“A scientific study suggested that blending essential oils gives a more effective health benefit, compared to benefits resulting from a single essential oil,” Dr. Boyer said. For a sore throat, he recommends a blend of cinnamon, wild carrot, eucalyptus, and rosemary essential oils, explaining that their antiviral and antimicrobial properties are an excellent recipe to treat a sore throat. “[It] could also be used as an effective treatment option for both flu and pneumonia,” he added.
However, Dr. Boyer cautioned that this blend should not be used internally because it could lead to dizziness or burning of the throat. “For aromatherapy purposes, add one drop of eucalyptus essential oil in a bowl of hot water, followed by three to 10 drops of the other essential oils, and inhale for around 10 to 15 minutes,” he said.
What to Know Before Using Essential Oils
Dr. Gupta told POPSUGAR that, although the aforementioned studies have suggested essential oils can be used to manage a sore throat, it’s important to note that there’s not a lot of research examining the potential medical benefits of essential oils. “Further, the US Food and Drug Administration (FDA) does not monitor nor regulate the quality of essential oils, meaning people are free to market and use whatever ingredients they’d like,” she said.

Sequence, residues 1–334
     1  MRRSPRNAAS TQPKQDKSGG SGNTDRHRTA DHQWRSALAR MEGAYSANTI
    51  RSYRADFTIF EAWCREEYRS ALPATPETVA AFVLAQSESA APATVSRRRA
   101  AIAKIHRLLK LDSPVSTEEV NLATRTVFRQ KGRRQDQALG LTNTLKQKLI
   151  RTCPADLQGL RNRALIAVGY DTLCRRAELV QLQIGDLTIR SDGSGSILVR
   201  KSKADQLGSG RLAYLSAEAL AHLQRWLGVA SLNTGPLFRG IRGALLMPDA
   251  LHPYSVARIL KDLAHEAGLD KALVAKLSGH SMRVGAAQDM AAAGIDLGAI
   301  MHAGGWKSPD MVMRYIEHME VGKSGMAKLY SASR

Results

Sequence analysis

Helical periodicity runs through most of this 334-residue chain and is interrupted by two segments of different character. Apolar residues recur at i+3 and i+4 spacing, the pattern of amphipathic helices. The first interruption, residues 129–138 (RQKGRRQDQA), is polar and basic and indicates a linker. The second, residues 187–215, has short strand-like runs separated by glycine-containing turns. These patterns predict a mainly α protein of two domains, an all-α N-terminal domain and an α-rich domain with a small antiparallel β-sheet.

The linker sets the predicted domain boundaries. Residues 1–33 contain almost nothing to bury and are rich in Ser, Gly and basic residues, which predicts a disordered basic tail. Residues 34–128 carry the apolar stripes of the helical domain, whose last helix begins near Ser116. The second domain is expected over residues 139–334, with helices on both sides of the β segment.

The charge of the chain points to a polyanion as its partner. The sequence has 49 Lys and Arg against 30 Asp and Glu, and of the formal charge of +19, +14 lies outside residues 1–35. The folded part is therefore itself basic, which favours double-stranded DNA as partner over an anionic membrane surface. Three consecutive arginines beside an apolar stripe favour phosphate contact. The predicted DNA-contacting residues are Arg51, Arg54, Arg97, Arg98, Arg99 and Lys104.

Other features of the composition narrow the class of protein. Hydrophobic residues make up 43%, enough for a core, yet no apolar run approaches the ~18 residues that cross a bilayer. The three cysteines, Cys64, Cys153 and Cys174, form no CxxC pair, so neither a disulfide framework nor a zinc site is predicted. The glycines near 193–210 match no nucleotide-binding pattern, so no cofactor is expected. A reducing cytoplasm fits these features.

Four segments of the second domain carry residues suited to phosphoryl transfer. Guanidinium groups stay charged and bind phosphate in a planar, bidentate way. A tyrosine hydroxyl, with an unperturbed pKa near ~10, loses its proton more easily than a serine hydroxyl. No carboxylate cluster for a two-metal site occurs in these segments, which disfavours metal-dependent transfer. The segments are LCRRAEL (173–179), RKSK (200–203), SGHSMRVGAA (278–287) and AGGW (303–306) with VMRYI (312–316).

For this reason, Dr. Gupta emphasized that essential oils should never be ingested, and she also advised that pregnant people avoid them due to lack of research. She added that you should avoid using a diffuser, particularly in a public area or if you’re living with other people, especially children, because these oils affect people and animals differently.
Dr. Gupta told POPSUGAR that the three safest methods to use essential oils are with aromatherapy accessories, body oils, and aroma sticks. Aroma sticks are also called essential oil inhalers, which allow you to inhale the oil when you’re ready. “Essential oils are highly concentrated and should only be used in the smallest dose possible,” Dr. Gupta explained. Be sure to touch base with your doctor before you begin using essential oils and make sure to buy your oils from a reputable source.